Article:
Living and Working in Different States Can Be a Tax Headache

Living in one state and working in another can trigger a number of tax issues. Here are several things to keep in mind if you and/or your spouse are in this situation.

Picture of Interstate Sign with State Tax
(Image credit: Getty Images)

Lately, more people are getting jobs a different state than where they live. But living in one state and working in another can bring up potentially complciated tax issues. For instance, if you live in one state and work in another, which state income tax return should you file? Do you need to pay taxes for two states? Let's try to answer some of those questions.

Where to file taxes if you live and work in different states

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William Neilson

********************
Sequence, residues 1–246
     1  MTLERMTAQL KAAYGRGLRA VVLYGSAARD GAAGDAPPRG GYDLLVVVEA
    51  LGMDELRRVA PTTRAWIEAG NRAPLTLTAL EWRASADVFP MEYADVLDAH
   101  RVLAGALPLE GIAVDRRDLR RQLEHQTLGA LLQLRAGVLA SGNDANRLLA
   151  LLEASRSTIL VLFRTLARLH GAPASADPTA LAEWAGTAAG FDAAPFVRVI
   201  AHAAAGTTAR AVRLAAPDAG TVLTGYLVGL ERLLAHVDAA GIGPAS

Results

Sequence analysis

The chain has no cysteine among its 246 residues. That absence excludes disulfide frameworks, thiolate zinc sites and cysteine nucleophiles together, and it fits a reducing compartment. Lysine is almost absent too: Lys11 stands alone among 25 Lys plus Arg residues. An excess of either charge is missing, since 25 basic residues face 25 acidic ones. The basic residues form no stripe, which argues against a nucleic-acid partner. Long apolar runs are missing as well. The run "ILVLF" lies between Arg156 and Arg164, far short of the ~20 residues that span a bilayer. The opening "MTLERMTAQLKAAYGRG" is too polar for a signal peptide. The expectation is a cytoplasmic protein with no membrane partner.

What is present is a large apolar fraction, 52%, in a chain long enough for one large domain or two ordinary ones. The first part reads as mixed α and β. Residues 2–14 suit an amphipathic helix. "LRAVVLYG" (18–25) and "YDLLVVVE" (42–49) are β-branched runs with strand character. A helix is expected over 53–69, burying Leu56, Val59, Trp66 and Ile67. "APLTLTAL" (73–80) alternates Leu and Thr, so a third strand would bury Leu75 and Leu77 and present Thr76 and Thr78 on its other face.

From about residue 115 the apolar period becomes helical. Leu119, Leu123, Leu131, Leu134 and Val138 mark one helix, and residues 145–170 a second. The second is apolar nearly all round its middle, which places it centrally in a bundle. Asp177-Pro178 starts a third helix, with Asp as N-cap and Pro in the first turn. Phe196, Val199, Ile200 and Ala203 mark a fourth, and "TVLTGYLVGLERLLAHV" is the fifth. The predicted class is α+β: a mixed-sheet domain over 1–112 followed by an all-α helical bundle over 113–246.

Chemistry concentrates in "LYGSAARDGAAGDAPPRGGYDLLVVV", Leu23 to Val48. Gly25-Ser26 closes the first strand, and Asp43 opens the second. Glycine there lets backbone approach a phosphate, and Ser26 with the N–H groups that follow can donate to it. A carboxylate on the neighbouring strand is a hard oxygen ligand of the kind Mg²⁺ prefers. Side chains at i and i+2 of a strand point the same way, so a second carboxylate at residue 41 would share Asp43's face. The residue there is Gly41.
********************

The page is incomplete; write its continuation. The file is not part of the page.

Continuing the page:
William formerly worked as a Tax Editor at Kiplinger beginning in 2021. Before that, William worked in the tax world for over 15 years. He spent time working at the IRS, the U.S. Tax Court, and several private law firms where he dealt with both individual and corporate clients. He has a B.A. in Journalism from the University of Georgia, a J.D. from the Loyola University College of Law, and an LL.M. in Taxation from the Northwestern School of Law.